No sooner had we taken a look at Kim Jong Un’s Masik Pass speech (“Let Us Usher in a Fresh Heyday on All the Fronts of Socialist Construction by Creating the ‘Speed on Masik Pass’”) than DailyNK ran a devastating piece on recent landslides and flooding at the site. The story is a sad reminder that “natural disasters” are rarely natural, but are frequently exacerbated or even caused by human planning failures.
In the speech, the Young General made explicit reference to the importance of attending to environmental concerns. The relevant passage is worth quoting, because it appeared to reflect lessons learned from the country’s unfortunate history of flooding:
“[The soldier-builders] should strive to preserve the ecological environment in its original state, plant trees of superior species and turfs appropriate to the geographical conditions of the local area, and tend them with care, just the same way as they do things for the sake of their parents and brothers and lay out the yards at their native homes.”
Thanks to reporting by a South Korean NGO, information has now leaked out from both local and government informants that a portion of the construction site collapsed following recent rains. Landslides and local flooding ensued, causing damage to homes and farms at the base of the mountain. The likely culprit: the lack of accountability and pesky details like environmental impact studies. The DailyNK story speculates that project managers dispatched by Pyongyang were under pressure to complete the project—in the words of the speech—“in a sweeping way like a charge of dynamite set off, like lightning, in the spirit of At a Go, so as to create the speed on Masik Pass.” Indeed. The rapid removal of trees from the slopes of the resort and inattention to flood control measures combined to generate a localized government failure.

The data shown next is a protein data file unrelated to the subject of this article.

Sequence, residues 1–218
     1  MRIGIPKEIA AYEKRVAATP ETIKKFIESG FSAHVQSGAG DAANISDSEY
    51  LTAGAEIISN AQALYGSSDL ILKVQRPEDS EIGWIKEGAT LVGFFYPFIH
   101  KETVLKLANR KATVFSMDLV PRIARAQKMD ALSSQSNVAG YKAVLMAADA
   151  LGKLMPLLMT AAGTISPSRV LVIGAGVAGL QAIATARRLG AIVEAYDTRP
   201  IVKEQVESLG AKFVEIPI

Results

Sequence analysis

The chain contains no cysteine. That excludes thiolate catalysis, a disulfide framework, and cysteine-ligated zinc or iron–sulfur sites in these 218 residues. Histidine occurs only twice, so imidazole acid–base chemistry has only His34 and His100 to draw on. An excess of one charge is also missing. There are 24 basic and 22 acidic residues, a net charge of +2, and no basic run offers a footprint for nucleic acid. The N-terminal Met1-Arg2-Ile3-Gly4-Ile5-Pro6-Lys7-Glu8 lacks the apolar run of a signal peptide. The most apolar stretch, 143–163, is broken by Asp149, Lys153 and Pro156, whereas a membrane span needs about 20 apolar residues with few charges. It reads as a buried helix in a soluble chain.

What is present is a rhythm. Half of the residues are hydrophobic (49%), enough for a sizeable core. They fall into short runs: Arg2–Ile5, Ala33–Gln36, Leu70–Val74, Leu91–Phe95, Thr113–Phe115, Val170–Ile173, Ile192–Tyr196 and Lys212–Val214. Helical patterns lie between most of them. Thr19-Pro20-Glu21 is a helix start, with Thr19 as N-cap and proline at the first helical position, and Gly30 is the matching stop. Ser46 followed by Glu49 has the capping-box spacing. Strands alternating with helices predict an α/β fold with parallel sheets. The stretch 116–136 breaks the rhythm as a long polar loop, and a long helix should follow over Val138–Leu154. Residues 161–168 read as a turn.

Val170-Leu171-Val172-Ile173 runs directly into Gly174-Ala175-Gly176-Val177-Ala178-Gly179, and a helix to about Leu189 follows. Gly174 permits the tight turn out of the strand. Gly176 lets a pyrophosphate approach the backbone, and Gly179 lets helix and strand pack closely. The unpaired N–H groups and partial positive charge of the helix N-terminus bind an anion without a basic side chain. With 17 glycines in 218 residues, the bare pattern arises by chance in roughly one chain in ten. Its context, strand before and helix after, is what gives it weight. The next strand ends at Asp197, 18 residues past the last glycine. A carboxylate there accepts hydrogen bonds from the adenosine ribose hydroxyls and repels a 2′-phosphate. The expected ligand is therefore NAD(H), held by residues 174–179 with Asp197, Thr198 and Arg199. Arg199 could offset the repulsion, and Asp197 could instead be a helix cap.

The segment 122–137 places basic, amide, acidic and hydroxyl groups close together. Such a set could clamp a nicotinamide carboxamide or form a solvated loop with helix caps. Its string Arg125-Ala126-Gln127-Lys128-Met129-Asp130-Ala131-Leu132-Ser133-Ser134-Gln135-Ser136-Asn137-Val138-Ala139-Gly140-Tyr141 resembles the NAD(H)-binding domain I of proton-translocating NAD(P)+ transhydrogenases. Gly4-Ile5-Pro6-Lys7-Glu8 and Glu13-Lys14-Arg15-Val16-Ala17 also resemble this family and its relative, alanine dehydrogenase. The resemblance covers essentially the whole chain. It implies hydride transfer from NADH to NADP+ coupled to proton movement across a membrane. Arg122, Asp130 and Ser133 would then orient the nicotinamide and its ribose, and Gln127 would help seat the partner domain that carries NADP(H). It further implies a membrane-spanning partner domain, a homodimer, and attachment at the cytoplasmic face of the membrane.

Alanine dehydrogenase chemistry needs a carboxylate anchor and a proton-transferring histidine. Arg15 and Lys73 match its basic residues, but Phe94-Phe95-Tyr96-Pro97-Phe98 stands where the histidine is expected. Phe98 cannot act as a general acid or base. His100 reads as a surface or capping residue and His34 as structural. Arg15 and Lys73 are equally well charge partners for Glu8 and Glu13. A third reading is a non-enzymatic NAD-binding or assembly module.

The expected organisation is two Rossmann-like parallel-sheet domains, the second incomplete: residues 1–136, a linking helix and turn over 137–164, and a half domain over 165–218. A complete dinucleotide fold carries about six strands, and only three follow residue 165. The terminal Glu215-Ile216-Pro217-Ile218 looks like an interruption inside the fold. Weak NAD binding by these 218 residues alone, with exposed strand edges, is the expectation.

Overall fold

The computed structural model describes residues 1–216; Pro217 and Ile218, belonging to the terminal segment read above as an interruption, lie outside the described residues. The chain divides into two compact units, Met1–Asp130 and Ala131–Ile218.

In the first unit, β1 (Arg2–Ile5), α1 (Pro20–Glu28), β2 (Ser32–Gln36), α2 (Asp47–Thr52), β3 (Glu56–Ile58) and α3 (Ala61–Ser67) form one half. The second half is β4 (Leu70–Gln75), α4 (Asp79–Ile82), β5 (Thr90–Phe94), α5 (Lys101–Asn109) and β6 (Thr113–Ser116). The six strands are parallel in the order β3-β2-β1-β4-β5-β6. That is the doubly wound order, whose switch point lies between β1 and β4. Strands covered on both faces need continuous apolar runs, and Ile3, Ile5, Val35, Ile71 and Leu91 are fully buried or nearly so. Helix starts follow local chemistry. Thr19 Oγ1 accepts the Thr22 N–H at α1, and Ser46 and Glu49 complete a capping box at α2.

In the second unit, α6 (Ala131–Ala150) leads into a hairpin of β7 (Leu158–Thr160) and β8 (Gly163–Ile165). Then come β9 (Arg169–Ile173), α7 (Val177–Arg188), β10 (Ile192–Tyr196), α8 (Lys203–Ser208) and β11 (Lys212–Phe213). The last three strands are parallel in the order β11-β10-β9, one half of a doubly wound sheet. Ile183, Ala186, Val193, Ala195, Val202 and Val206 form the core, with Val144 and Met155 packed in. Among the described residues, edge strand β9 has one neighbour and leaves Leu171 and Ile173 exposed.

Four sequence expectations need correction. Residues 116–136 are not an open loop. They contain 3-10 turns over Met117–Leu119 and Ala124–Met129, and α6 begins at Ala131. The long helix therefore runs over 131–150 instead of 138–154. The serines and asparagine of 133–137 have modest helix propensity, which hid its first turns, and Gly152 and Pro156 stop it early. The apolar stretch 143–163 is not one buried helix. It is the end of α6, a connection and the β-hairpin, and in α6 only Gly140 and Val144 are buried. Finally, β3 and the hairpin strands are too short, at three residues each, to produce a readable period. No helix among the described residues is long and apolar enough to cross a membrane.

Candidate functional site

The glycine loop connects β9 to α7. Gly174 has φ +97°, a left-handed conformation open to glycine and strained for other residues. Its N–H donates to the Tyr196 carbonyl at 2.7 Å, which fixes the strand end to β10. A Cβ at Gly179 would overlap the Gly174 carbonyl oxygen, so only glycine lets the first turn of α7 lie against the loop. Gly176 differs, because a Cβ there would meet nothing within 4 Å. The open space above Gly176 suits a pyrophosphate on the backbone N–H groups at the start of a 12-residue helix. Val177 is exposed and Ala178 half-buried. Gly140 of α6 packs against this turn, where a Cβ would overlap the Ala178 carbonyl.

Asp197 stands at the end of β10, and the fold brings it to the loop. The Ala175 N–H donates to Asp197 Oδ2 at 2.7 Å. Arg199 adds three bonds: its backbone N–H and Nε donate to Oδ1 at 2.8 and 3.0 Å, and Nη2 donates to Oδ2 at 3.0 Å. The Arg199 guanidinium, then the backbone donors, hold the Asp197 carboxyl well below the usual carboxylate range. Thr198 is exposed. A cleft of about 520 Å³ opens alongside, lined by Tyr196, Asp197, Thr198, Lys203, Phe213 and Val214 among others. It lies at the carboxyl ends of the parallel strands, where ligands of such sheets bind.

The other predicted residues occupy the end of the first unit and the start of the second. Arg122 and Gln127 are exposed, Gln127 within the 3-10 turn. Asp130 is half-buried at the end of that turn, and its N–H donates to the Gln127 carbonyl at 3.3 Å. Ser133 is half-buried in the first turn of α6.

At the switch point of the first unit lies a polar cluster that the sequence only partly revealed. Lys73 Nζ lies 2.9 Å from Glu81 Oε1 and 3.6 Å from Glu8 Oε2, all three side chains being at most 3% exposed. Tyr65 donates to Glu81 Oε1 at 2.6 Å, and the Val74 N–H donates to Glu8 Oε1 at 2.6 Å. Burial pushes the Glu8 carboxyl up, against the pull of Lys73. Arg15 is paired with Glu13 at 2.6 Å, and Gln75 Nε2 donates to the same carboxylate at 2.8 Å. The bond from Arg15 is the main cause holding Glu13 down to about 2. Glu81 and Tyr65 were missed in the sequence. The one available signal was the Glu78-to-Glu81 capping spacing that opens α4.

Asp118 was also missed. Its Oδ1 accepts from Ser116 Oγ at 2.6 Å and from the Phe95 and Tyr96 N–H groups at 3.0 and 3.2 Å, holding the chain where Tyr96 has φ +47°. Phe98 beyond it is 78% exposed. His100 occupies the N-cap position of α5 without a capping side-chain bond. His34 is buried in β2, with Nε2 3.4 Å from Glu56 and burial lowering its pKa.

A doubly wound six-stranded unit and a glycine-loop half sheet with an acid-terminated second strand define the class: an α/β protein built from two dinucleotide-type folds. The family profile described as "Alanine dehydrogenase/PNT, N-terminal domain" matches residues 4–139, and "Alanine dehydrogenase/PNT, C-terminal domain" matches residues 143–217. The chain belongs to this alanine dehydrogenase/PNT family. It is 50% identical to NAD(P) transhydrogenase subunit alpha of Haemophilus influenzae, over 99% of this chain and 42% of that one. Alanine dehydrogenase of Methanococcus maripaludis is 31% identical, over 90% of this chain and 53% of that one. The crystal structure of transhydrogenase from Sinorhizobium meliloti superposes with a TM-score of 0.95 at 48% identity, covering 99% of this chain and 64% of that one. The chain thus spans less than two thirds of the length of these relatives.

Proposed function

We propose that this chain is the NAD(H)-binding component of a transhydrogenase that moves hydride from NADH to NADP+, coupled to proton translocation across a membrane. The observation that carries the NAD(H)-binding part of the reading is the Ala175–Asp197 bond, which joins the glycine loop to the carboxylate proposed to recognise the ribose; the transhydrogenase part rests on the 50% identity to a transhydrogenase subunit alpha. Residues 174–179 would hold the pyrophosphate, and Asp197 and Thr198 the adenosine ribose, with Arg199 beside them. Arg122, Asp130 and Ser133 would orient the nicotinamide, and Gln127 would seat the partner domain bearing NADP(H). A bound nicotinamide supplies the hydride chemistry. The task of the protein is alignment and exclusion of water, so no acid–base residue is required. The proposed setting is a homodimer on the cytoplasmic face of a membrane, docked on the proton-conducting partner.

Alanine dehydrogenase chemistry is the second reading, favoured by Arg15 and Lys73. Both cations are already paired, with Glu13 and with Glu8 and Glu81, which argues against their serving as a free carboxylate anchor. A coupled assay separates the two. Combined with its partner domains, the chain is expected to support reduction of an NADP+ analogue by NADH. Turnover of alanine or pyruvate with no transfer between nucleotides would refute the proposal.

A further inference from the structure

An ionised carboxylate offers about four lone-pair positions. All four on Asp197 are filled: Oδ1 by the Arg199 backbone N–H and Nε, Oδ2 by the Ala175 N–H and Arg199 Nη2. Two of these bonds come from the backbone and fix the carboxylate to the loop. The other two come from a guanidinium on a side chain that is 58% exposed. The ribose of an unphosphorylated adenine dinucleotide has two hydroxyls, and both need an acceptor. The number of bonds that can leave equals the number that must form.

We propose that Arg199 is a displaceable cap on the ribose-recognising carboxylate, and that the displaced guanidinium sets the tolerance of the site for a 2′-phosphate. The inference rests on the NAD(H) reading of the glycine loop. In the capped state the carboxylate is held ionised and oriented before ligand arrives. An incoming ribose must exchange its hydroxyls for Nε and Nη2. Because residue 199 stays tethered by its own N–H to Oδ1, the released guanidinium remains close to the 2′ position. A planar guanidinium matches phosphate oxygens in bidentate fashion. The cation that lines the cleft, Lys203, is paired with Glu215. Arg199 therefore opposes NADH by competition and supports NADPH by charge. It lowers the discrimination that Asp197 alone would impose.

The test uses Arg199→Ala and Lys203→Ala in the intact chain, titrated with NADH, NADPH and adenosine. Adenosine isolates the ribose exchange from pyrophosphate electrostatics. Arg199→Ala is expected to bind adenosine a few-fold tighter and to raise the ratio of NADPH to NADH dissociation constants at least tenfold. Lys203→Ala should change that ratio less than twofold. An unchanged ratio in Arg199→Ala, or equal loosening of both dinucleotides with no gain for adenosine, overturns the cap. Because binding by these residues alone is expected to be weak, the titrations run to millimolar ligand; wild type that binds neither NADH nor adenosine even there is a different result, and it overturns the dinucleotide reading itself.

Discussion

We should not be smug about this unfortunate turn of events; the US is hardly immune from such errors. The appropriate response is to view the wider flooding as a humanitarian issue requiring assistance; a UN assessment team is now on the ground and we will report on the possible economic effects in a subsequent post as warranted.
But the direct links to environmental mismanagement, the forced-march approach to economic development and the lure of white elephant projects is too direct to ignore. The Korean peninsula has a monsoon-like rain pattern. Trees are cleared for fuel, for sale, to bring more and more marginal land under cultivation, or for misguided projects; this contributes to runoff, river and canal silting, and most importantly, silting of reservoirs. None of these problems is offset by appropriate investment in public goods. What is a typical seasonal rain pattern becomes a near-annual flooding crisis as the environment simply cannot carry the same amount of water.
As with the food aid dilemma, the international community has to ask itself serious questions. Should this recurrent pattern be treated each time as a one-off humanitarian emergency? Or does deeper policy dialogue on environmental policy need to be built into emergency assistance?